Film (2014). Marvel Studios. Directed by James Gunn. Written by Gunn and Nicole Perlman. Cast includes Dave Bautista, Bradley Cooper (voice), Vin Diesel (voice and some motion capture), Karen Gillan, Lee Pace, Chris Pratt, Michael Rooker and Zoe Saldana. 121 minutes. Colour, 3D (converted).
Five outlaws chasing the bounty on a cosmic McGuffin are cheated of the prize and thrown into a space Prison together; when the orb they pursue turns out to be a planet-destroying super-Weapon, they hero up to thwart the genocidal cosmic psychopath (Pace) who seeks to wield it.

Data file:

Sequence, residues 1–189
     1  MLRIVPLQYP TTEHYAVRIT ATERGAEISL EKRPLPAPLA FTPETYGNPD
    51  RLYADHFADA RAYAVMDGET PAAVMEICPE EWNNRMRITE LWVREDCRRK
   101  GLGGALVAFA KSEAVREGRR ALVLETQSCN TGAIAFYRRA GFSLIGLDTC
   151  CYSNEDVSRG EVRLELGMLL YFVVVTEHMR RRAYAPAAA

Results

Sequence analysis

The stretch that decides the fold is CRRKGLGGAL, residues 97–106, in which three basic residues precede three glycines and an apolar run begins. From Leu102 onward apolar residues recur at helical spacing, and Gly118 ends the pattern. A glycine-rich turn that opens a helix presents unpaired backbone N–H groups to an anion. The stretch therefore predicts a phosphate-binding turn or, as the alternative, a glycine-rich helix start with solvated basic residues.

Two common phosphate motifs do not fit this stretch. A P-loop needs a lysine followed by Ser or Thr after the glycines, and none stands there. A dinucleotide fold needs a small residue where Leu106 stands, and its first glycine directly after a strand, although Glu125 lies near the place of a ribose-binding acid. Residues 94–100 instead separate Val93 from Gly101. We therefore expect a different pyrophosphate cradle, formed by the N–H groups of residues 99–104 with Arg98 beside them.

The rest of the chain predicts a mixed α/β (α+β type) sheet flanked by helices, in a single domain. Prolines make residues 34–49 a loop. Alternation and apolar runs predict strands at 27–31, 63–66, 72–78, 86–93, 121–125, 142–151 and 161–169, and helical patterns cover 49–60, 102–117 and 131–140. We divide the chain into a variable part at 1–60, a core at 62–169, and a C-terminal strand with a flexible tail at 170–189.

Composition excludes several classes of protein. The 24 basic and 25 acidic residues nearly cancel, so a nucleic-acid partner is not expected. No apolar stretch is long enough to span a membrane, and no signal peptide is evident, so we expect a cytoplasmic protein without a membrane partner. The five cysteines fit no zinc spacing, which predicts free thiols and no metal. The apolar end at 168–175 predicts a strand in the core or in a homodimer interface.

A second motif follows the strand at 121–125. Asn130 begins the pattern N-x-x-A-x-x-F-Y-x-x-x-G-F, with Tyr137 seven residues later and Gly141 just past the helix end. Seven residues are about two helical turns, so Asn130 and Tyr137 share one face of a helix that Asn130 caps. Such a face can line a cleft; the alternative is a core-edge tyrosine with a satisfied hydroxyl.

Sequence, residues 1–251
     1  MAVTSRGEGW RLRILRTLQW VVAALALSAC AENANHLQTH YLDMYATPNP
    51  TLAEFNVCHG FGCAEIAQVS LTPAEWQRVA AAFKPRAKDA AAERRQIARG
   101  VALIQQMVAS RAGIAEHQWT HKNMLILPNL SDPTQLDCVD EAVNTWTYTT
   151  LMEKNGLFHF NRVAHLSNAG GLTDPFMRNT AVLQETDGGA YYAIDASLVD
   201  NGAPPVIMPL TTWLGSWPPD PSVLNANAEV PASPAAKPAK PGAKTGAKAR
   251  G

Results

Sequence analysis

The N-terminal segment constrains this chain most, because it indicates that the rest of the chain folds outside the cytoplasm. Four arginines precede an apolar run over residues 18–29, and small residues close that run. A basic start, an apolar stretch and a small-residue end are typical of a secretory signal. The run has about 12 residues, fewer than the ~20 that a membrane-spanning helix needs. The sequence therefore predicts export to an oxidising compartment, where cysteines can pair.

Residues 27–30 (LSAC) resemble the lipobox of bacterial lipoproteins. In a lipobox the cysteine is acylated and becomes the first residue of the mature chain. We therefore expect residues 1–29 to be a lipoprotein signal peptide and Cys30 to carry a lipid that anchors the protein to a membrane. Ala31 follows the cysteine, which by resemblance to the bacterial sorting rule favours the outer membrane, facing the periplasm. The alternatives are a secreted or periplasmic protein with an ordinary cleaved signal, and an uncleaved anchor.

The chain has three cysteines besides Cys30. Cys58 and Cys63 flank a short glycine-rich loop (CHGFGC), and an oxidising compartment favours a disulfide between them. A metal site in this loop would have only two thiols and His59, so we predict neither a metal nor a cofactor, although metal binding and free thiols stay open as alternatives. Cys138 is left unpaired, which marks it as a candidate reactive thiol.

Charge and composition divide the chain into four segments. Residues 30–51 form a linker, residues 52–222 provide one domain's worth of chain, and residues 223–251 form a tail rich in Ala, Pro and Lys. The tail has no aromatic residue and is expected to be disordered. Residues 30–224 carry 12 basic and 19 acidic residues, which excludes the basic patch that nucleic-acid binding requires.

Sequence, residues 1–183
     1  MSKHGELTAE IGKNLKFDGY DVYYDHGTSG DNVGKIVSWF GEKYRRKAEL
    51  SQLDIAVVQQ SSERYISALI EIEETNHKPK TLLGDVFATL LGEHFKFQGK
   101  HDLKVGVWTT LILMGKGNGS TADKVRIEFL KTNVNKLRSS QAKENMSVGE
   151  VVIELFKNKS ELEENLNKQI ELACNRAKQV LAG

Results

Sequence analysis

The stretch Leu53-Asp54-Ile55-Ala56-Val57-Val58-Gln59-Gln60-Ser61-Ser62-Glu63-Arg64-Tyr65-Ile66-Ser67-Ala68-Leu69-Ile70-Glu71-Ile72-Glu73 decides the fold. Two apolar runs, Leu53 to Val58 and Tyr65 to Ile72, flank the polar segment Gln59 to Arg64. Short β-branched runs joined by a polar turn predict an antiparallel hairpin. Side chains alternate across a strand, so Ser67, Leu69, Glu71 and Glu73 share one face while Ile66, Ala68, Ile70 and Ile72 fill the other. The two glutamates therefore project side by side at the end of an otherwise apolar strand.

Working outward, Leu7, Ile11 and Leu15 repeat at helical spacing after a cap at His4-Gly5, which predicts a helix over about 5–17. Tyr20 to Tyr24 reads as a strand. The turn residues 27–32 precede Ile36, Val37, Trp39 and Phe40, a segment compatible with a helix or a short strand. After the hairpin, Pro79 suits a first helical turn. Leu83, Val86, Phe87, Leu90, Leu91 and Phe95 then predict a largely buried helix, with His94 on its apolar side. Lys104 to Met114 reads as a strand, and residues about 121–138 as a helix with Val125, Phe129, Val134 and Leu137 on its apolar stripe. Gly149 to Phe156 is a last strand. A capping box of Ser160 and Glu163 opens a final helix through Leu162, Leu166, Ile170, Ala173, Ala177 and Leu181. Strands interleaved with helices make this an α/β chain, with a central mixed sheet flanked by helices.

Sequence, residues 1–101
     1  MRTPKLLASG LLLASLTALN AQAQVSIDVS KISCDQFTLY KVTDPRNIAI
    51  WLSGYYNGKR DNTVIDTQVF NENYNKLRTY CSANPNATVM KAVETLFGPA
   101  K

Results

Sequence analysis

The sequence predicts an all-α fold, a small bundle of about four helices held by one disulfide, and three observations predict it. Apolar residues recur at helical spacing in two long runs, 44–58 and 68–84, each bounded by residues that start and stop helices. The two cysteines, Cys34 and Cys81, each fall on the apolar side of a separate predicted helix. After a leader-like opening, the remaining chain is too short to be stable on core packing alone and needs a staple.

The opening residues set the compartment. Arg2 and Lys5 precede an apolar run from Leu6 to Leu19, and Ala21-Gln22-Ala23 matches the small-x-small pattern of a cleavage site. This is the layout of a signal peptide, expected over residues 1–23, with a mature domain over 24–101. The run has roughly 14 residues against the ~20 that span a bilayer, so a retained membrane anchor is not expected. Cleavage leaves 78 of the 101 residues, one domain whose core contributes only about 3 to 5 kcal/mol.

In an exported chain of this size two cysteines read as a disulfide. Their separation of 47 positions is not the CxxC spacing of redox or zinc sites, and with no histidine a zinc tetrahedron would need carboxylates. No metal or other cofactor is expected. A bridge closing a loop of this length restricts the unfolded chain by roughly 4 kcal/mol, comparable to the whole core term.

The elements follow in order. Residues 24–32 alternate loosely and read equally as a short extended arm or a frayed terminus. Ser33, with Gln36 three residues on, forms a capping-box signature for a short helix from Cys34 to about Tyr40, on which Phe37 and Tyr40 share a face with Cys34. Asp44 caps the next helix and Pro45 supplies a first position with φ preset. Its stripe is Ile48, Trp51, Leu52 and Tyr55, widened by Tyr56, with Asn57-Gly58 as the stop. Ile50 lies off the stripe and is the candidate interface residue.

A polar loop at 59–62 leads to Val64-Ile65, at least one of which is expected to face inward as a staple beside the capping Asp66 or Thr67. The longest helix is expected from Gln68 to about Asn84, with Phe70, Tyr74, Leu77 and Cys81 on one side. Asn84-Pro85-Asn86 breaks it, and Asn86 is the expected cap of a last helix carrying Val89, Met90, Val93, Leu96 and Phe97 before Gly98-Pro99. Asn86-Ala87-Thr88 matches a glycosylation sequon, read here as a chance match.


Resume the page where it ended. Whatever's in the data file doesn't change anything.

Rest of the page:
A striking departure from earlier films in the Marvel Cinematic Universe, this was the first film to emerge from Marvel Studios' in-house programme indenturing early-career screenwriters to develop Marvel Comics properties for potential film versions. SF enthusiast Perlman, offered a range of gender-inflected titles, opted instead to develop the low-recognition Guardians, which for most of the title's history had been set in the Far Future, but which had recently emerged from a 2008 reboot with a new lineup in a present-day interstellar setting as part of the cosmic arm of Marvel's main continuity. Perlman's script was passed to other writers, and low-budget veteran Gunn hired to direct; unhappy with the studio drafts, he took over screenplay duties as well. The result is a lavish if lightweight Space Opera in the Star Wars mould, with a stripped-down team of five and a plot which owes little to the comics version and connects only peripherally with the terrestrial arm of the MCU, but which stakes the MCU's claims to more comedic and more cosmic territory than had previously been felt safe. The plot is assembled from standard MCU components (collectible cosmic McGuffin pursuit leading to climactic sky battle), and the film's address to Space Opera is unapologetically backward-looking, action-driven, film-inspired, Spaceship-set, and ironic; the half-Terran hero (Pratt) was abducted by UFO in 1988 and remains comedically frozen in the music and popular culture of that era. Nevertheless, following the exhilarating Wormhole acrobatics of Thor: the Dark World (2013), the film confirmed a decisive end to Marvel's early timidity over the cinematic deployment of its comics canon's interstellar sf canvas, and with the renascent Star Trek and Star Wars series and the Wachowskis' Jupiter Ascending (2015) signalled a revival in studios' appetite for franchised space adventure. (The number of worlds displayed in a single film is the largest since Star Wars: Episode III – Revenge of the Sith .) Marvel's own confidence in the property was confirmed ahead of release by the preemptive announcement of a 2017 sequel, and subsequently borne out by healthy worldwide box office. The film won both the Nebula award (Ray Bradbury Award) and the Hugo for best dramatic presentation. [NL]
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